Six days before Earth Day, the banana stalk in the front yard fell over, spilling out unripe green bananas. That’s when I knew: a party was in order.
Some people say, “Every day is Earth day, so why celebrate?” So, those six days before Earth day were all Earth day too. Dozens of green bananas were boiled and fermented (that’s called fufu and it’s an African tradition.) Macadamia nuts were fermented into cheeses, and rice and beans into dosa batter. These ferments were carefully tended to and stirred each day. The carrots from the garden were harvested and pickled. The beds in the back garden were planned. The compost was sifted. The baby trees were collected. The flyer was designed. The people were informed. The green banana dough was baked with dosa batter into flatbreads. Everything was in order.
In the Mayan calendar, Earth Day this year fell on 3 Aj. (The Mayan calendar follows the human psyche through 13 day cycles and twenty archetypal energies. In this case, 3 is the tone, and Aj is the archetype. This Mayan cosmovision integrates humanity’s relationship to the Earth). Three is a number of stability, and Aj of the home, authority, as well as maize. Maize, or corn, is the sacred crop that stands firmly with its roots in the Heart of the Earth and its ears in the Heart of the Sky. It is a pillar of civilization.
On April 22, 3 Aj, 2019, the Earthlings arrived to the garden.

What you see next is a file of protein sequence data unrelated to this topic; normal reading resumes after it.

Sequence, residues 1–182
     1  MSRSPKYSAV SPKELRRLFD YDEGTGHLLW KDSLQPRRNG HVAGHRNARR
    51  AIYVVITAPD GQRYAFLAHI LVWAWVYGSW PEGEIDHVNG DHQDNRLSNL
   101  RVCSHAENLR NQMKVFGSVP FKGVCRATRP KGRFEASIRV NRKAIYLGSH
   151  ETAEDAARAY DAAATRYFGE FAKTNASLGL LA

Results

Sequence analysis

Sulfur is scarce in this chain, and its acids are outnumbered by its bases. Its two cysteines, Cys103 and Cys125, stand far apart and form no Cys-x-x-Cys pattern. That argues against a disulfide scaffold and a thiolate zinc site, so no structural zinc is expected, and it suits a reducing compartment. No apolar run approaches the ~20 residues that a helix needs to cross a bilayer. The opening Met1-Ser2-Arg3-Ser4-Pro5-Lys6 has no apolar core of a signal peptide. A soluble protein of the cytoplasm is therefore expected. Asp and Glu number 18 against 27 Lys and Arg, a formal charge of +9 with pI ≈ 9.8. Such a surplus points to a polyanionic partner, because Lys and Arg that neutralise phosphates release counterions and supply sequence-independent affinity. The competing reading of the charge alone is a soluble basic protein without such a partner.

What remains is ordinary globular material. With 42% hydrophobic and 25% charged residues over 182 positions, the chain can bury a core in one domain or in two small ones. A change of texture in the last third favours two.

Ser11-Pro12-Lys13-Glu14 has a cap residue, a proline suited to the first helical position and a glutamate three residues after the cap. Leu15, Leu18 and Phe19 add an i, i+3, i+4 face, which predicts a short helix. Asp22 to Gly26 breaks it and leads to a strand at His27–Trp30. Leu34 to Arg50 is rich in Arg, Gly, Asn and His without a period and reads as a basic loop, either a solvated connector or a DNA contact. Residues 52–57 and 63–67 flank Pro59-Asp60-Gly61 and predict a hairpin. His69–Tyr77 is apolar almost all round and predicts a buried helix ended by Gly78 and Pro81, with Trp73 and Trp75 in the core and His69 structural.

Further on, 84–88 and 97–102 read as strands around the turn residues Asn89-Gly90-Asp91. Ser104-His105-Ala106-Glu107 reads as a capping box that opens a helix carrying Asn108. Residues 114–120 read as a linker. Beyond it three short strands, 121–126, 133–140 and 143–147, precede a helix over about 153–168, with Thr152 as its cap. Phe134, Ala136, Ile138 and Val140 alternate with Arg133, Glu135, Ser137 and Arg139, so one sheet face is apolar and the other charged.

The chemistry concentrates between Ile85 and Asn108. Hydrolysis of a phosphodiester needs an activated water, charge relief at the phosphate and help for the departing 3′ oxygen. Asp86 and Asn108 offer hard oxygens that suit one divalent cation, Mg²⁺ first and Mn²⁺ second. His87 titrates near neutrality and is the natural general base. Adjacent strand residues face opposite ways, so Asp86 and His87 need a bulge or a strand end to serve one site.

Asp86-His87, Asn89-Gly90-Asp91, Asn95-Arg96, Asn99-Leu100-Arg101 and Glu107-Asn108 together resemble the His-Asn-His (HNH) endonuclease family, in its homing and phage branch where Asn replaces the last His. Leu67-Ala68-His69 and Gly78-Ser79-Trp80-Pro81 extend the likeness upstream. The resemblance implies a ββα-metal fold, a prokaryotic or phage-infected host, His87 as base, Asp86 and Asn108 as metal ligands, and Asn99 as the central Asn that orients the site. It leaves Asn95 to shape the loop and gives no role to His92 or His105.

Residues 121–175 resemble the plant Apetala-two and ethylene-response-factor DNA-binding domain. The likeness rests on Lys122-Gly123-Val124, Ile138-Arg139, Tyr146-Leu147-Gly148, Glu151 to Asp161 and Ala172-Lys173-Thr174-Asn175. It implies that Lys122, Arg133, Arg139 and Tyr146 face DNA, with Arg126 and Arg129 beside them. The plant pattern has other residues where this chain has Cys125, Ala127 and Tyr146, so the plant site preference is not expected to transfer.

They planted a milpa: a traditional polyculture garden consisting of fruits, vegetables, flowers, and medicines. The quintessential companion planting consists of the Three Sisters: corn, beans, squash. The corn came from heritage seeds Claudia had gifted me from California. The beans came from an order of Johnny’s seeds from Maine. The squash was from a Guatemalan market. As we tilled the soil, a plethora of turmeric bulbs emerged. This milpa was already off to a great start. Other beds were planted with many vegetables as well: lettuces, cabbages, radishes, Mayan spinach.
The Mayan nanas (a name affectionately offered to the wise women) told me that all thoughts and ideas are seeds. We must be careful of what is in our mind, what we are planting in the garden of life. When the Mayans plant physical seeds, they are not asking that those seeds be regenerated many times over. They are soliciting. The difference is that when we solicit, we know there will be fruits. This is the same for our metaphorical gardens, too. We are all gardeners, whether we choose to recognize it or not.
My sister, Josie, was like an octopus in the kitchen with her arms whipping up eight different dishes. She sent the Earthlings on a treasure hunt: flowers of the colors white, red, yellow, and purple. I know this garden well, you see, so I offered Lena a clue. I lead her to the greenhouse where the arugala flowers bloom. She was so amazed to see so many tiny, edible flowers, and with great care and excitement, she picked them one by one and put them in a bowl.
More Earthling activities ensued. Cardamom was peeled and steeped. Cacao was chopped and frothed. The cushions and blankets were spread in a circle in the front garden. An altar in the center was erected. It was filled with the things we love the most. The cacao was ready to be served.